Well guess what: we do! There’s a blog called FLLOG that does much the same thing: beautiful descriptions and pictures of river floats, peppered with comments on gear, logistics and “critter counts.” They’ve logged more than 100 river floats in and around Missouri, and each trip is worth a thorough read. In honor of our upcoming Anniversary Float Trip, the good authors of FLLOG agreed to share past tales of the Current River. Here’s the first one, from an anniversary celebration of their own:

Cedar Grove to Two Rivers

Current River
Shannon County, Missouri
Wednesday, September 28 – Thursday, September 29
44 Miles

In celebration of our wedding anniversary, DW and I completed our first overnight kayak trip. After all, what is more romantic than sleeping on a gravel bar? We had spent the previous weekend dragging out all our backpacking gear, which hadn’t been used in almost 6 years, sorting and packing it all into small dry bags. We packed the boats and did a test run on the Meramec near home. Everything seemed to fit well and the boats were well balanced, so we unpacked it all into the car and headed down to the Current River for our first overnight trip with kayaks. We hadn’t floated the Current in nearly 2 years. Back when we only had the canoe we had done a couple week-long trips down to Van Buren, so we are pretty familiar with the Current when it comes to overnight trips. We scheduled a car shuttle from the outfitter at Two Rivers. It was a little pricey, but the drive from Cedar Grove to the take out is over an hour long. Once we got to the access we repacked everything in the kayaks.

DW took the red Perception kayak instead of his regular blue kayak. His blue Perception Montour is very narrow and can’t hold much. The red Perception Prodigy is very wide and there is plenty of room in the front and back to stuff a bunch of gear. My Dagger Axis 10.5 turned out to be nearly perfect for overnight packing. There was plenty of room in the front to slide long things (extra paddle, camp seat and several small bags) and the sealed hull held a lot more than I thought it would. I did have to be careful to balance the front and back of the boat so both ends turned at the same rate. Otherwise the front would turn quickly while the back just sat there. We also bought a bunch more small fabric dry bags. The regular vinyl dry bags are hard to stuff into small spaces (too much friction against the plastic boat) and the fabric ones work well as long as you don’t submerge them in water for a long time.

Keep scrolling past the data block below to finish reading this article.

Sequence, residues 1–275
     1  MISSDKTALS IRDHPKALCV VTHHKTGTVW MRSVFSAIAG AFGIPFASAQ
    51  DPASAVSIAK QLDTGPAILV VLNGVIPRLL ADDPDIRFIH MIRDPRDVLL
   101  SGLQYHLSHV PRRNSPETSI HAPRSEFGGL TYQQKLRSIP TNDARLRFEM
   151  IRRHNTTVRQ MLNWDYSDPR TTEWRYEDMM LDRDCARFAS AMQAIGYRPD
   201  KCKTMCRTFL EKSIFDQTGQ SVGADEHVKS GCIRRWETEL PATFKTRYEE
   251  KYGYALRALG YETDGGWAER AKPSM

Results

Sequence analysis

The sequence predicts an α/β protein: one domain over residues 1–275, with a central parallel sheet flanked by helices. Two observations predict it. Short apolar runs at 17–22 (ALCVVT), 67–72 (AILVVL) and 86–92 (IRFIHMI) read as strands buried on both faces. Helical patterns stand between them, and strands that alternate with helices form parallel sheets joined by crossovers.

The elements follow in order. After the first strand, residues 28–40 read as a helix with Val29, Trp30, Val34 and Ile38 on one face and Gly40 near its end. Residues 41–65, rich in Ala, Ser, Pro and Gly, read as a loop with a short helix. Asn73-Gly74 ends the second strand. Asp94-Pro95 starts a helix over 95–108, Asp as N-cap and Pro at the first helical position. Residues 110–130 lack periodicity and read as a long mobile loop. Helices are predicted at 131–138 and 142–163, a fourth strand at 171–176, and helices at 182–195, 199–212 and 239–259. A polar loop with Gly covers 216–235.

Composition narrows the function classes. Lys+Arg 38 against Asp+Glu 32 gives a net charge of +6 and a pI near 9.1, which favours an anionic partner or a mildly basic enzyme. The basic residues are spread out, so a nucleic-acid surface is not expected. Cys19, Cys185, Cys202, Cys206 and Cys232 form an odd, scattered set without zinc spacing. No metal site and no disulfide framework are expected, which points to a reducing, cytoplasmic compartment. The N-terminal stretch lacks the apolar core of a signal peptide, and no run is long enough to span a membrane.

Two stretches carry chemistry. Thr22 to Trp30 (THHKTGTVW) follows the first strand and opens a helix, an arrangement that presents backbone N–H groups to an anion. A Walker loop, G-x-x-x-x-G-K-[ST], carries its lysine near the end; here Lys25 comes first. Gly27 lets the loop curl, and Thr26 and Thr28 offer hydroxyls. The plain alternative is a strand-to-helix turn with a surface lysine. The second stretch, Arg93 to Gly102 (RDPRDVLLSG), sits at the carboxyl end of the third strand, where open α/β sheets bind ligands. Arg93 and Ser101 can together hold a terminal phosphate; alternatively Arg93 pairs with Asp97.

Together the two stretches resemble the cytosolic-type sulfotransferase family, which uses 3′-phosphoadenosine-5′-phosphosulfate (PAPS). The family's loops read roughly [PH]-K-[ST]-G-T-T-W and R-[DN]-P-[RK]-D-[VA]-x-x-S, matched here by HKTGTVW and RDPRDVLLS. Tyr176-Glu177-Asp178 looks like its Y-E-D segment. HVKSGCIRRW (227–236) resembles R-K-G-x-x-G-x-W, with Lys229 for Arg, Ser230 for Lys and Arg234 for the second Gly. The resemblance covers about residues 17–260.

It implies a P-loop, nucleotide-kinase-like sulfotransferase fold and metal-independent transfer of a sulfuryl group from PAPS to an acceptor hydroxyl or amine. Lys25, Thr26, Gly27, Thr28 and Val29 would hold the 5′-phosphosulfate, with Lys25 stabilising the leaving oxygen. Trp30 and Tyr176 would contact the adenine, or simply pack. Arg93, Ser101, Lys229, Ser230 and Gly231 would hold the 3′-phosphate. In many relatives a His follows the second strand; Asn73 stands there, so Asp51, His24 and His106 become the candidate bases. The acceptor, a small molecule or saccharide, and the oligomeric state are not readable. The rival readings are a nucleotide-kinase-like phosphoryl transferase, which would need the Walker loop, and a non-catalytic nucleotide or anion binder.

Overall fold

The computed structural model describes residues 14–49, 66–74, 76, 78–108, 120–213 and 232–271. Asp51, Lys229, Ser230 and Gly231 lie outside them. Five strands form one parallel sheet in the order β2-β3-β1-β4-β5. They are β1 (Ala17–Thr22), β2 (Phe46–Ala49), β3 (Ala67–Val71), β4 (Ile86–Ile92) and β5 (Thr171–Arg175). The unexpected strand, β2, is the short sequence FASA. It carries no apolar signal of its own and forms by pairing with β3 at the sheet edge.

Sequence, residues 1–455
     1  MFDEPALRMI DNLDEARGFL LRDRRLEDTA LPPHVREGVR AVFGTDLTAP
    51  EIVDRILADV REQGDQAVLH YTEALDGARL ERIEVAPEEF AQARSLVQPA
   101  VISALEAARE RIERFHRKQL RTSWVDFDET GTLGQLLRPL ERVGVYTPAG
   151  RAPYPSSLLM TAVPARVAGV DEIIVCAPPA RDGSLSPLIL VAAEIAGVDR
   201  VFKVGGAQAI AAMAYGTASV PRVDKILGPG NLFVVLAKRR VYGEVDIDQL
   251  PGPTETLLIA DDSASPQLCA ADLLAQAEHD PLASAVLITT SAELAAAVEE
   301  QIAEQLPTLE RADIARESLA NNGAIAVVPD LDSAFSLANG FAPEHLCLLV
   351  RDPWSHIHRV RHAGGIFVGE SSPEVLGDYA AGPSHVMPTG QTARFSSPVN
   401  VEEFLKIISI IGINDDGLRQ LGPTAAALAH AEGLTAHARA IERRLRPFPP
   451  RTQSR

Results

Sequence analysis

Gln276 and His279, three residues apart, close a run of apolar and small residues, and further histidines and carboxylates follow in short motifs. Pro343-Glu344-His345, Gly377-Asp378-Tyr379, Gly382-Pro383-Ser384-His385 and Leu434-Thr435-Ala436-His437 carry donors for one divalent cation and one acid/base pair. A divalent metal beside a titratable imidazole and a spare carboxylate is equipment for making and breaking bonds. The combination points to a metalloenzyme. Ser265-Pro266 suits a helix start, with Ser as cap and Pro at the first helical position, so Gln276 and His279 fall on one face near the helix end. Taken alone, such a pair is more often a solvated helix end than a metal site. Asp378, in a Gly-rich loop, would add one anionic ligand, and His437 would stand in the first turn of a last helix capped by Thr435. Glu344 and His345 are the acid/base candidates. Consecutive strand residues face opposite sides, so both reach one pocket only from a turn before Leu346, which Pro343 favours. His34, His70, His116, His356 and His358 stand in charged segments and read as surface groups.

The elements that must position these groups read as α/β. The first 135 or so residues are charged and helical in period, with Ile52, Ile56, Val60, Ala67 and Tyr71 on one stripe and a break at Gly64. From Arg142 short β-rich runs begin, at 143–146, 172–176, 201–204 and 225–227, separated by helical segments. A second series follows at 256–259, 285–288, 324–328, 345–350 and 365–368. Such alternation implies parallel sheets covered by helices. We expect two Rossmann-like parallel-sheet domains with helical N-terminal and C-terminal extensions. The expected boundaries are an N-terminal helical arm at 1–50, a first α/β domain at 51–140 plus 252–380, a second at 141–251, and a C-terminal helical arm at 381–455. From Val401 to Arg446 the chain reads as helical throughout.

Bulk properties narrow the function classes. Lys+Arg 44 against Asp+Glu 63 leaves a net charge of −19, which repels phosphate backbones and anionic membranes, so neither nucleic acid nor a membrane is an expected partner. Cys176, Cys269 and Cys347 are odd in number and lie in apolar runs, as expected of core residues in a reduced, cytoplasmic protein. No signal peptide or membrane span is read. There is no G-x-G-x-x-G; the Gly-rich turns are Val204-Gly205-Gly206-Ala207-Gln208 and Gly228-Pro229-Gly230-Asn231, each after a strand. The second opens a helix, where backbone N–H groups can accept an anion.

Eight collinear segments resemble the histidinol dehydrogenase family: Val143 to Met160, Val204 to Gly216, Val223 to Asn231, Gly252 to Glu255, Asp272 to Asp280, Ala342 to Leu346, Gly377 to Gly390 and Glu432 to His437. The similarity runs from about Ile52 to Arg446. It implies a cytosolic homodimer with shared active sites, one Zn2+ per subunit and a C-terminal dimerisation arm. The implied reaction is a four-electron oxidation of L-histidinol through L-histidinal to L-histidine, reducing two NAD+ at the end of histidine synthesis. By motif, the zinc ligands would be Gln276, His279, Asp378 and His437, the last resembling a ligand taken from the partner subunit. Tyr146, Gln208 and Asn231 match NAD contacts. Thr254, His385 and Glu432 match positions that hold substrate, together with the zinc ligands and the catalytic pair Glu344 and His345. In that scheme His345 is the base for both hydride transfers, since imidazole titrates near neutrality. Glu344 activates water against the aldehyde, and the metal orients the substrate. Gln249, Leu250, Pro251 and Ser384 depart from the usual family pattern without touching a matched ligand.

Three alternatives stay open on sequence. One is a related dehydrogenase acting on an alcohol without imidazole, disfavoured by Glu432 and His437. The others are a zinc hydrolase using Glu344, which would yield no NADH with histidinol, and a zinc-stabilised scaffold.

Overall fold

current river, kayak overnight

current river, cedar grove

The biggest hurdle to overnight kayaking is alcohol. You really can’t pack much beer on a kayak and drinking hard alcohol all day can turn into a kayak-flipping disaster. We decided two days at a time was feasible to carry beer. If we did more than two days we would carry hard alcohol and soda and just not drink as much and start drinking late in the day. Of course you could always decided to not drink at all, but that would eliminate most of the challenge!

We launched our boats from Cedar Grove at 11am on Wednesday morning. It was a little later than we wanted to start, but still feasible to make it to our halfway point, Pulltite Spring 18 miles downriver. When we tested our boats at home we did not have all the food & beer packed, so the kayaks were a little more heavy than we anticipated. So now we’re paddling heavy boats 18 miles in 7 hours. Better paddle hard!

current river

current river, medlock spring

medlock spring, current river